Falls are the leading cause of death in the construction industry, period. In 2017 alone, there were 381 fatalities caused by falls out of the total 971 fatalities arising out of the construction industry according to OSHA. Please, don’t see these statistics as numbers. These “numbers” are people just like you and I, people who went to work and didn’t get to go home.
It is clear that falls can kill, so why does OSHA allow a fall of six feet? Think about this, if an average man were to fall six feet and endured a sudden stop, the forces applied to his body would be nearly 5,000 pounds. That is easily enough to guarantee serious injury and possibly even death. To combat this force, harnesses and lanyards are designed in such a way that the arresting force meets OSHA’s allowable 1,800-pound maximum force. However, most shock packs limit the force to only 900 pounds, half of that set by OSHA. Because of the forces harnesses and lanyards encounter should a fall occur it is extremely important to ensure they are in good working condition.
Harnesses and lanyards should be inspected annually by a competent person. OSHA designates a competent person as: “One who is capable of identifying existing and predictable hazards in the surroundings or working conditions which are unsanitary, hazardous, or dangerous to employees, and who has authorization to take prompt corrective measures to eliminate them” [29 CFR 1926.32(f)]. Annual inspections must be documented on the harness or lanyard on the inspection tag. Annual inspections are a great way to ensure safety, but the individuals using the harness and lanyards should conduct a brief visual inspection before each use. When harnesses and lanyards, one should use the following guidelines:
Harness Tag and Lanyard Tag
- Must be present and legible and contain the following information, remove from service if missing information:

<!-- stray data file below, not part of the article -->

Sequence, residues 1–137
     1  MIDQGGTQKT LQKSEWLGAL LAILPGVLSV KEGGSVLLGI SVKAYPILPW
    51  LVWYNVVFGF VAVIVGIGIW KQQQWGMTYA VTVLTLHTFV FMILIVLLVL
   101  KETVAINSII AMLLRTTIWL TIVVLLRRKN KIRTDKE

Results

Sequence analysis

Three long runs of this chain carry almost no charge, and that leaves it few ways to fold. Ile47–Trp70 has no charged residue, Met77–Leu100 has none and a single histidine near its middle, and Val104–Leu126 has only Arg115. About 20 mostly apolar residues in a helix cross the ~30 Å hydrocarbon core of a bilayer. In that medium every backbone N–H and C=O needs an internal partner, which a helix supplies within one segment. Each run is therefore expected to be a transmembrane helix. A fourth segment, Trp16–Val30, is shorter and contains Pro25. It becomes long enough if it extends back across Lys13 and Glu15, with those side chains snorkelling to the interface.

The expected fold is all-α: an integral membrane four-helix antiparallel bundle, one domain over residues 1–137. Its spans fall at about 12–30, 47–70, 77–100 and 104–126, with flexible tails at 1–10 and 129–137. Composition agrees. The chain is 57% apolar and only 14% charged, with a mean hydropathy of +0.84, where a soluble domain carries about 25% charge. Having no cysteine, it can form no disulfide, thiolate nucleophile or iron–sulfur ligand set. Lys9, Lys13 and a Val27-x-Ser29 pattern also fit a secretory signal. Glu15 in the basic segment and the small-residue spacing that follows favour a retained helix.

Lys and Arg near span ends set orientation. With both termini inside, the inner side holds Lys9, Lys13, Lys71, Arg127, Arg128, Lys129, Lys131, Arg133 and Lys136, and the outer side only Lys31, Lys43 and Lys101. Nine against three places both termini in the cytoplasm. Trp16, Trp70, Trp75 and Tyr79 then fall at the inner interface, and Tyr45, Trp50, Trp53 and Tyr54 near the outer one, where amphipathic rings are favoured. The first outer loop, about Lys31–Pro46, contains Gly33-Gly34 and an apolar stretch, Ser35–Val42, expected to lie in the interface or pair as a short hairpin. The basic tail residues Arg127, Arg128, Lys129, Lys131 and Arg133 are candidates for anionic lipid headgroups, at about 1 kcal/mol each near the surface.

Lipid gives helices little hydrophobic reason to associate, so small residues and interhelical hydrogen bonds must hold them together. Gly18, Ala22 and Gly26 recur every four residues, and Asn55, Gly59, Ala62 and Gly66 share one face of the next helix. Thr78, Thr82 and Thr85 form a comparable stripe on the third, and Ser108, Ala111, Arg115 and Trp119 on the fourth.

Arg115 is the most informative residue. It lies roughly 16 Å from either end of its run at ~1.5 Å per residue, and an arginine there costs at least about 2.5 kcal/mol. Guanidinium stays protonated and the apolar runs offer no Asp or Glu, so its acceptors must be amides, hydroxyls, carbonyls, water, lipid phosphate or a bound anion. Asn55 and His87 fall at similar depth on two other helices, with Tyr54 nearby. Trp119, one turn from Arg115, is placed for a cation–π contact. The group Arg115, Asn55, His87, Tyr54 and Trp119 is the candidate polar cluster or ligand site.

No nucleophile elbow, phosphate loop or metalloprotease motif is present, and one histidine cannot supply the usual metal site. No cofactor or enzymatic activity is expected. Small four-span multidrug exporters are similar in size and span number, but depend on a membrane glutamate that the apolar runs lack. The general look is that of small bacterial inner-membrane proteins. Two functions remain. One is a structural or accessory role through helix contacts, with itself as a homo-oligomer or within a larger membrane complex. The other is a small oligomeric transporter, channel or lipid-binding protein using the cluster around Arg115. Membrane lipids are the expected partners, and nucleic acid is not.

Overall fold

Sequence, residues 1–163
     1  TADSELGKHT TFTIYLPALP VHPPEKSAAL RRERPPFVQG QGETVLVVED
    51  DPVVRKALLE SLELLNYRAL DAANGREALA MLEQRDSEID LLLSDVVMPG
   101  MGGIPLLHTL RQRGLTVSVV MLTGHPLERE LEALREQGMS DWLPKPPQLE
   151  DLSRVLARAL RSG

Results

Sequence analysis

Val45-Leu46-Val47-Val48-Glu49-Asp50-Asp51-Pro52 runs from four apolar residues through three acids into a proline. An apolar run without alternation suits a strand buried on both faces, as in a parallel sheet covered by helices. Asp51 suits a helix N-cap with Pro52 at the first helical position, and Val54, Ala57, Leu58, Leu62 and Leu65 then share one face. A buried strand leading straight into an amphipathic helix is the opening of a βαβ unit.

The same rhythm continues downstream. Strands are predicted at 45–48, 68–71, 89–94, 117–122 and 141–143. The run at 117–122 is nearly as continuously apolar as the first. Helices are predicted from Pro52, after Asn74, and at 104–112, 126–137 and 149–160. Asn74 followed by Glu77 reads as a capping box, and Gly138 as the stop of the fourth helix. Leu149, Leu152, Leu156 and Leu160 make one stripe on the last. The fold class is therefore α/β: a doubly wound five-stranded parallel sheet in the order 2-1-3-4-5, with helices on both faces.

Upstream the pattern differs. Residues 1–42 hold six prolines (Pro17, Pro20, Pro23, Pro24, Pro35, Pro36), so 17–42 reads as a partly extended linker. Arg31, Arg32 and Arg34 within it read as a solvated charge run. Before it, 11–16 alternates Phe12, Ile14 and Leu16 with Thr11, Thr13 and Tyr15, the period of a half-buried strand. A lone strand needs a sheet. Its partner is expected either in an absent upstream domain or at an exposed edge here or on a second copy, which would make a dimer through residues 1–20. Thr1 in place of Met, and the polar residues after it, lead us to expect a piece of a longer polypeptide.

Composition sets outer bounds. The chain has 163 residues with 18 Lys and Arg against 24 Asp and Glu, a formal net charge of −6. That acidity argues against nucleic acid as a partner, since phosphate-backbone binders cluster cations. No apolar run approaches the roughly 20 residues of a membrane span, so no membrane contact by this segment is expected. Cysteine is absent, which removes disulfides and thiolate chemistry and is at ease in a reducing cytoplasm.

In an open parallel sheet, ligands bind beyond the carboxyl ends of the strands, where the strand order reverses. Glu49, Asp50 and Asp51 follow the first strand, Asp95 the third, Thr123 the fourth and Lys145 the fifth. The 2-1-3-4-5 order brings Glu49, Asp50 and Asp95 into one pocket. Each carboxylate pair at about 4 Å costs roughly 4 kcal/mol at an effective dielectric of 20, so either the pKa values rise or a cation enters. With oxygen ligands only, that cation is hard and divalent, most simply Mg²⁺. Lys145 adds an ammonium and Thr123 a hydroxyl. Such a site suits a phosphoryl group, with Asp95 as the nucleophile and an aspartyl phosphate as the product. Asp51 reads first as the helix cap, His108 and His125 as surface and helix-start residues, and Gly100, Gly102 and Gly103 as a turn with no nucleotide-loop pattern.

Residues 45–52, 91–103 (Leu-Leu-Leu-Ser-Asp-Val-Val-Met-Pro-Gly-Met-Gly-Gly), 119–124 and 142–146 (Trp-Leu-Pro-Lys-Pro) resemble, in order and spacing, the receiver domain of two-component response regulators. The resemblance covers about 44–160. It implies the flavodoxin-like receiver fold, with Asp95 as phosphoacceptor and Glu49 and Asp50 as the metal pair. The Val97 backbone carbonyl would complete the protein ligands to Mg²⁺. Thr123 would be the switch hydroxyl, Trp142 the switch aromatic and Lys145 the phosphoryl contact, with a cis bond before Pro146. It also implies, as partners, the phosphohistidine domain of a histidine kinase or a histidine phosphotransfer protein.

- Name/brand of harness or lanyard
- Harness/lanyard model
- Harness/lanyard serial number
- Date of manufacture
- Weight capacity
- Warnings and other limitations set forth by the manufacturer
If load/shock indicators on harnesses or lanyards indicate a load has been applied immediately remove from service.
Harness and Lanyard Material (webbing) – visual and touch inspection, remove from service if the following issues are identified.
- Cuts or abrasions
- Broken, cracked or worn fibers
- Overall deterioration
- Modifications made by the user
- Hard or shiny spots caused by chemicals, hot work splatter, or excessive soiling
- Missing material
- Burnt or charred spots
- Mildew, dry rot and over exposure to UV rays causing excessive fading
- Pulled or unwound stitching
- Missing stitching
- Dry rotted/mildew covered stitching
- Discolored stitching from UV damage
- For steel cable lanyards look for the following:
- Rust and corrosion
- Raised wire strands
- Broken strands
- Excessive soiling
- Bends or kinks
- Unwound strands (bird caging)
Harness and Lanyard Hardware – visual and touch inspection, remove from service if the following issues are identified.
D-rings, Grommets, Buckles, Snap Hooks, Carabiners and the Housing (SRL)
- Rust or corrosion
- Deformation (bends or twists)
- Cracks or other signs of metal fatigue
- Modifications made by the user
- Roller and tongue buckles are functioning
- Springs have tension and are functioning
- Missing hardware
- Housing completely closed (no splitting)
- Locking mechanism functions and lanyard fully retracts into the housing
- Snap hooks and carabiners test proofed to a minimum of 5,000lbs
- Gates on snap hooks and carabiners test proofed to at least 3,600lbs
- Snap hooks/carabiners are equipped with a self-closing and self-locking gate.
Hopefully the information I have listed above provide some guidance for the necessity of harness and lanyard inspections. If you have further questions about the subject matter, please see the standards set forth by OSHA: 29 CFR 1926.502 (construction) and 29 CFR 1910.140 (General Industry).
Alex Paul Lhotsky